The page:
Now’s the time to secure your tickets for one of the major Halloween parties coming up in a couple of weeks. If you’re in the SLO Town area and want to dance to a ripping live R&B band, check out the Dead Man’s Dance and Masquerade Party hosted by local public radio station KCBX, on Friday, Oct. 27, at the SLO Masonic Lodge (7 to 10 p.m.; $25 presale at the station or kcbx.org/2017-kcbxhalloween-party, or $30 at the door). Burning James and the Funky Flames will provide the sounds, a nohost bar will be available, and Bon Temps Creole Café will offer delicious Southern cuisine for sale. Prizes for scariest, cutest, and best overall costume will be awarded. Proceeds benefit KCBX Public Radio. If you’re in South County and want to dance to some classic ’80s cover songs, look no further than the Rockin’ Halloween 805 Party brought to you by HCE Productions on Saturday, Oct. 28, at the Pismo Beach Golf Course (5 to 10 p.m.; $20 general admission or $40 VIP at eventbrite.com). JD Hardy will act as emcee and LA ’80s cover band Centerfold will headline, playing hits such as The Go-Go’s “We Got The Beat,” Cyndi Lauper’s “Girls Just Wanna Have Fun,” Van Halen’s “Jump,” Journey’s “Don’t Stop Believin’,” and a whole lot more. Erick Tyler will open the show. The grand prize for their costume contest is a two-night staycation in a four-bedroom condo in Pismo Beach (a $1,500 value). Food and drink from Fin’s Seafood Restaurant will be available for purchase. This one benefits the Five Cities Homeless Coalition.

PHOTO COURTESY OF SARAH JAROSZ

DOUBLE GRAMMY WINNER! Multiinstrumentalist Sarah Jarosz, who won Best Folk Album and Best Americana Roots Performance at last year’s Grammy Awards, plays SLO Brew on Oct. 16.

36 • New Times • October 12 - October 19, 2017 • www.newtimesslo.com

If you’re up in the North County, the Halloween Harvest Costume Ball will be blending Hollywood-style production with Central Coast wine country flair when Central Coast Live presents two nights of fun at Tooth & Nail Winery on Friday, Oct. 27, and Saturday, Oct. 28 (7 or 8 p.m. to midnight; 21-and-older; $100 general admission or $175 VIP, at halloweenharvestcostumeball.com). The adult-themed party will feature interactive props, creeping fog, dramatic lighting, and spooky sound effects, as well as professional actors and entertainment by renowned mentalist and magician Rich Ferguson (check out his YouTube channel—he’s an amazing illusionist and prankster). DJ and emcee Paul Thompson will provide great Halloween-themed music. Ten percent of the proceeds will benefit Must! Charities, a local nonprofit. A costume contest for scariest, funniest, sexiest, most original, and best couple will award $1,250 in cash prizes. Sabrina Lovell, a 30-year Tarot veteran, will offer complimentary readings. Gary Kramer, founder of Kramer Guitars and owner of Gary Kramer Guitar Cellars—a wine tasting room and guitar museum in Paso Robles—has donated a $3,000 Crusader Deluxe guitar as a raffle item. Local restaurants will be offering small bites, and of course there will be wine, and lots of it. Let’s be careful out there, people! ∆ Keep up with New Times Senior Staff Writer Glen Starkey via Twitter at twitter. com/glenstarkey, friend him at facebook. com/glenstarkey, or contact him at gstarkey@newtimesslo.com. PHOTO COURTESY OF CENTRAL COAST LIVE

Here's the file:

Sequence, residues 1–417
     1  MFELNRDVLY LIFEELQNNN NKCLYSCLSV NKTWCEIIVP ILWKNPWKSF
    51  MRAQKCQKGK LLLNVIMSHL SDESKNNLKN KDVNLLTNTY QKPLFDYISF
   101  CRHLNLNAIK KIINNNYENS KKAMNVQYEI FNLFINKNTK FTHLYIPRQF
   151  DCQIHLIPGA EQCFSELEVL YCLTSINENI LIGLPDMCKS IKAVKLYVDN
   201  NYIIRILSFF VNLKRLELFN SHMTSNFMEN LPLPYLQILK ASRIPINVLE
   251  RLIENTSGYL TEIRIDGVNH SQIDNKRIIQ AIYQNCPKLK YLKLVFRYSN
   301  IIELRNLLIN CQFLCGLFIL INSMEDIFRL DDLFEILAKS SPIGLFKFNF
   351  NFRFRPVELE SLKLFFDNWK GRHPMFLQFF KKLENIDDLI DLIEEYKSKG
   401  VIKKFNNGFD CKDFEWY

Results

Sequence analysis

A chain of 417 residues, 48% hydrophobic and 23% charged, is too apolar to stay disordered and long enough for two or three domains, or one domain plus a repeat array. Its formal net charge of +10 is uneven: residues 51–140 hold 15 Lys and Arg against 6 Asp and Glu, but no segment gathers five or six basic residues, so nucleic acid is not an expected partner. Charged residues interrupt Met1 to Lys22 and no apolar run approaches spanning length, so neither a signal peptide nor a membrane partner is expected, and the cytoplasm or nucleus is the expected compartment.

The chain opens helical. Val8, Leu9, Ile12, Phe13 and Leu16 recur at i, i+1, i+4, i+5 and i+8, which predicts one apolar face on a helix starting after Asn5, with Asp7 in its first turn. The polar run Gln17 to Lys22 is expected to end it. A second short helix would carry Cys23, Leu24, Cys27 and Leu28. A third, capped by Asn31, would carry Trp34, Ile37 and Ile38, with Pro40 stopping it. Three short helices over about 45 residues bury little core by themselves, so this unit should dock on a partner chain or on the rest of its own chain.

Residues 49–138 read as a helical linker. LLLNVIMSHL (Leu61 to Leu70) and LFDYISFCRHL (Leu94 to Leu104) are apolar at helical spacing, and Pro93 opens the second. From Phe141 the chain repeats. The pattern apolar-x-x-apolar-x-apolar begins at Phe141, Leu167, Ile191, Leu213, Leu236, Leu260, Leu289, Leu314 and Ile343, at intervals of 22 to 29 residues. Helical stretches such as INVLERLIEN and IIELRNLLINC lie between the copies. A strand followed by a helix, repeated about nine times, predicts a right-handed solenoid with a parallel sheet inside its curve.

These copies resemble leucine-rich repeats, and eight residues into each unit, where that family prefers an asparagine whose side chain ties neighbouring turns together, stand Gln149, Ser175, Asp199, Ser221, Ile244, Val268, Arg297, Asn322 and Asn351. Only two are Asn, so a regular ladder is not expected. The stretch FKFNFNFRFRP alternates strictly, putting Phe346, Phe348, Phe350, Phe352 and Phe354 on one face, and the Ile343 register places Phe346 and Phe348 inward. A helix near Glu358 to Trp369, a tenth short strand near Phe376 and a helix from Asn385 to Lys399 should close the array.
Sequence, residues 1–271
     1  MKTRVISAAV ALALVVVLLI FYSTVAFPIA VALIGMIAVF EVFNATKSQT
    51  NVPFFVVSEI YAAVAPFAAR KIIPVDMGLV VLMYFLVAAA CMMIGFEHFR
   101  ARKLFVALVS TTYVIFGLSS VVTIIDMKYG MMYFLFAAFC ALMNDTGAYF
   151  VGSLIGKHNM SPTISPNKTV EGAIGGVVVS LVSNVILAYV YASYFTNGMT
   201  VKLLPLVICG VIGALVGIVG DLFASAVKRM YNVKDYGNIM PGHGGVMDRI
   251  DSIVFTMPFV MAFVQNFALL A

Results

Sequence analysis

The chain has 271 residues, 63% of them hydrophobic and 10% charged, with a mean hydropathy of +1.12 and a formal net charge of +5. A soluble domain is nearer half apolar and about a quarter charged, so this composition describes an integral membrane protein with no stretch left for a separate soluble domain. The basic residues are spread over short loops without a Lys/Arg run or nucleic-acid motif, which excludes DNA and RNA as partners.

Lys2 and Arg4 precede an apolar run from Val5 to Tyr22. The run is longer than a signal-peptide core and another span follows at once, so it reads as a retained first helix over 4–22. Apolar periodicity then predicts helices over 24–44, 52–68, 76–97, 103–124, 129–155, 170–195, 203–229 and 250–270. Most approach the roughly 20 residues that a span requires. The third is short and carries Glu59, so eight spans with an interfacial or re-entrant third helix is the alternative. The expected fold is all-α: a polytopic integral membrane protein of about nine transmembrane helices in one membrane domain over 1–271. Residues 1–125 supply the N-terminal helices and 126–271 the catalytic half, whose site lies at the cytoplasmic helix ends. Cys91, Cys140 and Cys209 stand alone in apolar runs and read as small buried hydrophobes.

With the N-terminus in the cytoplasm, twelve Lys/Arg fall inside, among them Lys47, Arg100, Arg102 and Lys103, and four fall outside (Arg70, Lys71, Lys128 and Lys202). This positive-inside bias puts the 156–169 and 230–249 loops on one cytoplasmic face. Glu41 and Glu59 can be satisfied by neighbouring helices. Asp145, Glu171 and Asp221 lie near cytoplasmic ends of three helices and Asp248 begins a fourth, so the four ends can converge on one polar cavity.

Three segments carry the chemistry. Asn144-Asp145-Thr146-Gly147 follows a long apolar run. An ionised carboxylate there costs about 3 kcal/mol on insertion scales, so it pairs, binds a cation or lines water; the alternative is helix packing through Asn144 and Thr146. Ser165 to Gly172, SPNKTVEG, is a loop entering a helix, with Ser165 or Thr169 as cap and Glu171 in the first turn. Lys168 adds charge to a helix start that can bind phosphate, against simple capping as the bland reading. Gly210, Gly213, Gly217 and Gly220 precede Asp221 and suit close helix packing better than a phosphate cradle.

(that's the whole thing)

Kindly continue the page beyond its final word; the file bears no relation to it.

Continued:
HAUNTING TIME It’s time to buy tickets to Halloween fun, and one option is the Halloween Harvest Costume Ball at Tooth & Nail Winery on Oct. 27 to 28, with DJ Paul Thompson and costumed actors like Colleen Gnos (pictured).


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38 • New Times • October 12 - October 19, 2017 • www.newtimesslo.com

Tasting & Retail Sales 10am-5pm 805-788-6310 · www.wildhorsewinery.com


Arts Goin’ South

THE CLIFFS RESORT: 2757 Shell Beach Rd., Shell Beach, 773-5000, cliffsresort.com. FIGUEROA MOUNTAIN BREWING CO.: 1462 E. Grand Ave., Arroyo Grande, 4748525, figmtnbrew.com. Singer/Songwriter Night every Wed. from 8-10pm. 10/14: Upshot from 8:30-10:30pm; 10/20: Matt Cross from 8:30-11pm. HARRY’S NIGHT CLUB AND BEACH BAR: Cypress and Pomeroy, downtown Pismo Beach, 773-1010. Thurs.: Front Row Karaoke. 10/12: DJ Camote at 5pm and JAWZ Karaoke at 9pm; 10/13: Stinger at 9pm; 10/14: Tommy Lee & The Portigees at 3pm and Stinger at 9pm; 10/15: Tozzi at 9pm; 10/16: Tozzi at 7:30pm; 10/17: Juan Marquez & Double Shot at 7:30pm; 10/18: Juan Marquez & Double Shot at 7:30pm; 10/19: DJ Camote at 5pm and JAWZ Karaoke at 9pm; 10/20: Steppin’ Out at 9pm. LIDO RESTAURANT AT DOLPHIN BAY: 2727 Shell Beach Rd., Pismo Beach, 7734300 or thedolphinbay.com. Live music Tues., Thurs., and Fri. from 5-8pm. MONGO’S SALOON: 359 W. Grand Ave., Grover Beach, 489-3639. Open blues jam every Wed.: DJ Drumz every Fri.; Karaoke with DJ Sam every Sun. 10/14: South 65 at 9pm; 10/21: Noah Colton at 3pm and The Hitmen at 9pm. PUFFERS OF PISMO: 781 Price St., Pismo Beach, 773-6563, puffersofpismo.com. Live music every Tues. from 6:30-9:30pm, and most Fri. and Sat. from 7-10pm. 10/12: Leanna Rachel & Bob Liepman at 7pm; 10/13: Jill Knight at 7pm; 10/14: Andrew Rubin at 7pm; 10/20: Bill Rotella and Amber Olive at 7pm; 10/21: Bill Rotella and Amber Olive at 7pm. SEAVENTURE: 100 Ocean View, Pismo Beach, 773-4994. Live music every Wed. from 6-9pm, Fri. from 6-9pm; and Sun. from 2-6pm.